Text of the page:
Sunday, August 23, 2015


See the Murle On Safari with Bahr El Jebel Safaris

The Name

The people call themselves Murle.
The Anyuak call them Ajibo, while the Dinka and Nuer call them Ber.

Demography and Geography

The Murle number about 300,000 to 400,000 and inhabit Pibor County in southeastern Upper Nile (Jonglei).
The plain Murle (Lotilla) are predominantly agro-pastoralist, while the mountain Murle (Ngalam) living in Boma Plateau are predominantly agrarian.

Environment, Economy and Natural Resources

Large parts of Murle country are flood prone plains dissected by numerous perennial streams drained from the foothills of the Ethiopian highlands. The topography suddenly changes to the Boma Plateau as does the rainfall regime and vegetation. This environment has influenced the social and economic activities of the Murle.
The plain Murle are predominantly pastoral and their socio-economic activities centre round the herding of cattle. They practice subsistence agriculture; they also fish and hunt extensively. The Murle are extremely skilful in the arts of hunting and stalking game. In Boma where there is high rainfall the Murle practice agriculture cultivating maize, sorghum, simsim, tobacco and coffee.

Mythology and History

Tradition claims that the tribe was created at a place called ''''''''Jen'''''''', somewhere beyond Maji in Ethiopia. The Murle have a number of myths and songs about Jen.
Another tradition claims that the Murle was part of a larger group that migration from around Lake Turkana. The memory of the separation from the Didinga, Lorim and others over soup of a gazelle is vivid in the minds of most Murle.


The Murle language is spoken by both the Ngalam and Lotilla Murle. This language is closely related to the Didinga and Boya languages.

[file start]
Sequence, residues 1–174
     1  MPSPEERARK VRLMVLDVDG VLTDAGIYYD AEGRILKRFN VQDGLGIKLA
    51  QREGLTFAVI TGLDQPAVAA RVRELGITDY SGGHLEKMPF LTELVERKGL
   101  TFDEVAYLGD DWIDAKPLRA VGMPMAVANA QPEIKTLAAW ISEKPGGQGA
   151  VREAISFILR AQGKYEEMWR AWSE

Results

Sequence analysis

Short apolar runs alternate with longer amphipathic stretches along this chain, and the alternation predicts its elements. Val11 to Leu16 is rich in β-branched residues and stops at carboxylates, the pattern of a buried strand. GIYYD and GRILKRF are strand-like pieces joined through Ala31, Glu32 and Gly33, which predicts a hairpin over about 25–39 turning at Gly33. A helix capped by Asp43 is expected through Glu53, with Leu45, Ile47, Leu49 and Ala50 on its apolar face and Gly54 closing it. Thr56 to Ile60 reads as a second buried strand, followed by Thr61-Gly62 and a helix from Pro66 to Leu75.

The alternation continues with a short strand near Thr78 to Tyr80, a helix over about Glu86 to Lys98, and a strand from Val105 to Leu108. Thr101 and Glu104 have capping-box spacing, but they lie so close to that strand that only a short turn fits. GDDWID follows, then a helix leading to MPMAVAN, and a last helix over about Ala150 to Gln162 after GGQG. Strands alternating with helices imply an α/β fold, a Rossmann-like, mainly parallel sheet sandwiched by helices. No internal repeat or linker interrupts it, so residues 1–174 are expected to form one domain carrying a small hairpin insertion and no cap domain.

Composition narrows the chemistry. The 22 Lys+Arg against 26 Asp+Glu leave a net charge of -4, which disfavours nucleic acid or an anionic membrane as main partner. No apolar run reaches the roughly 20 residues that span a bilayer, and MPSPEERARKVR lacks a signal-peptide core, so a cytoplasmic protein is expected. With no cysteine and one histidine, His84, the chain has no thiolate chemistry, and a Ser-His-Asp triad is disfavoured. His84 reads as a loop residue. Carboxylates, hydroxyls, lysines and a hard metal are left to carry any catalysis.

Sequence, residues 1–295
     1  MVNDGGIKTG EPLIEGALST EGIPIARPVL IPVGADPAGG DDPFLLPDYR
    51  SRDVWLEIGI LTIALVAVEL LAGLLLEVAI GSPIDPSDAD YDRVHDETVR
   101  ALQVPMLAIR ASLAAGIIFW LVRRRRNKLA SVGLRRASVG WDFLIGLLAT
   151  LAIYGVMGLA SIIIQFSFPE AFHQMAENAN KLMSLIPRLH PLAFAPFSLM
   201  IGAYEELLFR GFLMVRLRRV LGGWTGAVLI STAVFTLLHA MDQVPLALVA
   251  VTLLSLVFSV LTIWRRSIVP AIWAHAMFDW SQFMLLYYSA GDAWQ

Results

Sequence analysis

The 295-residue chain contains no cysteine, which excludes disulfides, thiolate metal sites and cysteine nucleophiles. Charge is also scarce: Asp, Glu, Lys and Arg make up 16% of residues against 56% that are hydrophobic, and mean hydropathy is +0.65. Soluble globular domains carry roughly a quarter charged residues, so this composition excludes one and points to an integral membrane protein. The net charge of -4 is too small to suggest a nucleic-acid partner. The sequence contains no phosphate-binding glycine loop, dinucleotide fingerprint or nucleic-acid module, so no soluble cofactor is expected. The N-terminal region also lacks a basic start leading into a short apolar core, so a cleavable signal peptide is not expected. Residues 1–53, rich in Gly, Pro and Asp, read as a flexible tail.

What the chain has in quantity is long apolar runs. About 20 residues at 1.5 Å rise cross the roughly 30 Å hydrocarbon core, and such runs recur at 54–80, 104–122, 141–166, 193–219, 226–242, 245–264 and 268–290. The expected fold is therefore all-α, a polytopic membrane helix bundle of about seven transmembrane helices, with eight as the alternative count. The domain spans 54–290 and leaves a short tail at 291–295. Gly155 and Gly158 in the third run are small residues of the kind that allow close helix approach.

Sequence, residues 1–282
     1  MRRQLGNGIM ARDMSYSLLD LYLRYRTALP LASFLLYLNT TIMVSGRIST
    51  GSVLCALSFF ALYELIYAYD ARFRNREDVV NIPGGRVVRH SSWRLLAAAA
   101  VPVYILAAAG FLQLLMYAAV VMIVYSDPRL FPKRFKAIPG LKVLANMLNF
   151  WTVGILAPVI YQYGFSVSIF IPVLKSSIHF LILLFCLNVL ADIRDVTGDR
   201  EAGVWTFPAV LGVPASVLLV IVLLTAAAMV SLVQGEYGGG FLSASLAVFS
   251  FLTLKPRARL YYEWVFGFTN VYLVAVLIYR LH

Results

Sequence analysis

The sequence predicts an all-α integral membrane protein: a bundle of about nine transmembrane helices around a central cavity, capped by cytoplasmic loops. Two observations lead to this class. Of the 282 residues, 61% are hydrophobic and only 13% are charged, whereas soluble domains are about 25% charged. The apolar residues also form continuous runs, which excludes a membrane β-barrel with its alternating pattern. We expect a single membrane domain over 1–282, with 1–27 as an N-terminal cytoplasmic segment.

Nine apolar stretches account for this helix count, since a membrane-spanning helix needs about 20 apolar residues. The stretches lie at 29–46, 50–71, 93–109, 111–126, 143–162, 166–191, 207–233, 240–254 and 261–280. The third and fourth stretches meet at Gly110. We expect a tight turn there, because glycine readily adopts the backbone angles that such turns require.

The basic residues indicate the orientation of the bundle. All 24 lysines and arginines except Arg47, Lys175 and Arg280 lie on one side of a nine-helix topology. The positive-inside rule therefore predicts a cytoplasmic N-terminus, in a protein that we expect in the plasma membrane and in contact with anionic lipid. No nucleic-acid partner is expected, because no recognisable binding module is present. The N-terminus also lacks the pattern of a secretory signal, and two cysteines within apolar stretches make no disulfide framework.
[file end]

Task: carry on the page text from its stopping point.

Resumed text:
Society: Social Events, Attitudes, Customs and Traditions

The Murle society is primarily inclined to and interested in their present rather than the past. However, the respect for their traditions and customs (ker ci Murlu) is so great that many of these customs have the force of law, which can be taken also for custom. The Murle social structure is explained in terms of drum-ships, clans, lineages, homesteads, and households.
A group of households combines to form a homestead; a group of the homesteads form a ''''''''tatok'''''''' or minimal lineage, a group of tatok form a lineage, ''''''''bor''''''''.
A clan, ''''''''bang'''''''', is formed of a group of lineages, and each drum-ship consists of a branch of the chiefly Bulanec clan and its attached commoner-clans.
The Murle social and cultural life is centred round their cattle. They breed them, marry with them, eat their meat, drink their blood and milk, and sleep on their hides. The Murle compose songs full of references to the herds captured in battle or raids from their neighbours. Raiding and stealing of cattle is a question of honour and valour. Every important social event is celebrated by the sacrifice of a bull in order to ensure the participation of the ancestral spirits as well as to provide food for the assembled guests and relatives. Kinship obligations are expressed in terms of cattle.
The Murle language has a considerable vocabulary of cattle terms. There are special words for every colour and colour combination; for cows and calves, bulls and oxen, at every stage of their growth; for different kinds of horns and for all the conformations to which their horns can be trained to grow. Every young man is given an ox by his father or uncle when he reaches man’s estate and spends hours singing to his special ox from which he takes his bull’s name.

Murle Dance at Pibor

No comments:

Post a Comment